Drop That Juice—Here’s How You Should Really Be Cleansing

juice cleanse

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For the last few years, every fitness blogger, Instagram star and pseudo internet health expert has been championing the three- or five-day juice cleanse as the ultimate detox—some obsessives even swear by sticking to liquids for a week. Admittedly, I was one of those sad fad-diet followers who jumped on board the cold pressed trend. “Glowing skin and rapid weight loss,” I thought, “Where do I sign up?”

Now, the liquid juice diet is receiving the type of backlash other extreme fads (talking about you, lemon detox diet) have experienced. It’s the kind of hate that happens when enough people actually try the trend and discover it’s nothing more than another crash diet.

Maybe I’m crazy, but personally I just prefer chewing my food, and the juice “detox” diets I’ve tried leave me feeling exhausted, grumpy, unable to exercise, and desperate for a burrito—which I usually inhale moments after finishing my last juice.

Increasingly, experts are warning against long-term juicing too, labeling them as extreme and dangerous, and explaining that they also lead to bad eating habits. “Long-term juice cleansing can lead to deficiencies as well as to yo-yo dieting, which itself can lead to a whole host of problems,” cautions celebrity nutritionist and author Keri Glassman.

Some juice cleanse fans claim that juicing is better for your cleanse than eating whole fruits and vegetables because it’s easier for your body to absorb nutrients, and your digestive system can take a breather from working on fiber. However, there’s really no strong scientific evidence to support the idea that extracted juices are somehow better for you than eating the whole vegetable itself.

“The best cleanses don’t follow an all-liquid diet, include any weight loss pills or powders and are not meant to be followed for a long period of time,” says Glassman. “Steer clear of a cleanse that requires you to invest a lot of money or requires really extreme practices.”

Oh, and you know your kidneys, skin, and urinary system? Well, all of those things do a pretty brilliant job of detoxing your body just fine, without the help of some crazy, liquid-only diet.

“What many people don’t realize is that your body is a natural cleansing system built to detox all the time, if you treat it right,” explains Glassman.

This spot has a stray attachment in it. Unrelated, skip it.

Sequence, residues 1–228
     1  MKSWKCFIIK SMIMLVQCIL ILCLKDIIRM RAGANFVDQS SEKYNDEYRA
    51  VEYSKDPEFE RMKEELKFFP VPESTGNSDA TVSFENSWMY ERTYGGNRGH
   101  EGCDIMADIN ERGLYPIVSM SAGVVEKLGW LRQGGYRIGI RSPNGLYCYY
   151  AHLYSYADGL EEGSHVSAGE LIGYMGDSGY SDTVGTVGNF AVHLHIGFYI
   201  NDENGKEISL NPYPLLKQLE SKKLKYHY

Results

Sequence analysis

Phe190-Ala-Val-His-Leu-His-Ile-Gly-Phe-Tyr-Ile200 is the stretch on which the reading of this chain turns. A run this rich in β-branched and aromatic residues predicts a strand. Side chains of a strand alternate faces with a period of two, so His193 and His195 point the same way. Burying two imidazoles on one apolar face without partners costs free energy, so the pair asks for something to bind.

Instead, she recommends eating an organic, whole food–based diet for about four days if you want to break unhealthy habits and reset your mind and body. Afterwards, you can expect to feel less bloated, more energetic, and could drop around two to six pounds.

“The best way to stay cleansed is to consistently eat organic greens and lots of other veggies, and carefully portioned organic fruit and healthy fats,” says Glassman. “Follow a high-in-fiber diet with plenty of water, and take out all packaged and processed foods.”

Here are a few of Glassman’s tips for following a four day whole food detox that will actually lead to long-term, healthy (burrito-free) eating habits.

Eat often.

News flash: Cleansing or detoxing is not synonymous with starvation. Keri recommends eating five to six small meals per day that incorporate “real foods like fresh vegetables and fruit, healthy fat and lean protein.” She also added that juices do have a place in cleansing, and while you shouldn’t stick to an entirely liquid diet, it’s fine to have a veggie juice instead of a regular snack.

Cut out these foods.

Glassman’s idea of a good cleanse is one that removes all processed foods—so for the next four days, ditch the packaged crap. “You’ll find most cleanses limit or omit processed foods, especially carbohydrates and unhealthy fats, as well as dairy, because they are more challenging to digest and process,” explains Glassman.

Change your water-drinking habits.

“Drink lots of water,” is one of those annoying health tips experts and celebrities often recommend. Glassman’s tip is a little different though: While she recommends drinking eight eight-ounce glasses per day, she also suggests you add a squeeze of lemon juice and a dash of cayenne into each cup. “Cayenne can help you feel satisfied and has been linked with boosting metabolism,” she notes. She also suggests adding one ounce of aloe vera to one of your cups of water each day.

Tea fans should switch to green or herbal teas, and try to down two cups of green tea during the cleanse, while also drinking plenty of other herbal tea—especially dandelion root tea and fennel tea.

Keep some of your cleansing habits.

While you can go back to eating the occasional bagel after the cleanse, you should still be able to incorporate a lot of the eating habits you created during the four days into everyday life. A juice cleanse is completely unsustainable, but a whole food cleanse sets you up forever.

“Feeling physically and mentally better during a whole food cleanse will help motivate you to not only stick with the cleanse for four days, but also to continue to incorporate the healthy habits you learn into your daily life for the long haul,” promises Glassman.

Next time you’re considering starving yourself with a liquid, juice-only diet, maybe try this instead—I know I will be.

Head over to Glassman’s website, Nutritious Life, for some of her favorite whole food recipes to try during your cleanse. 

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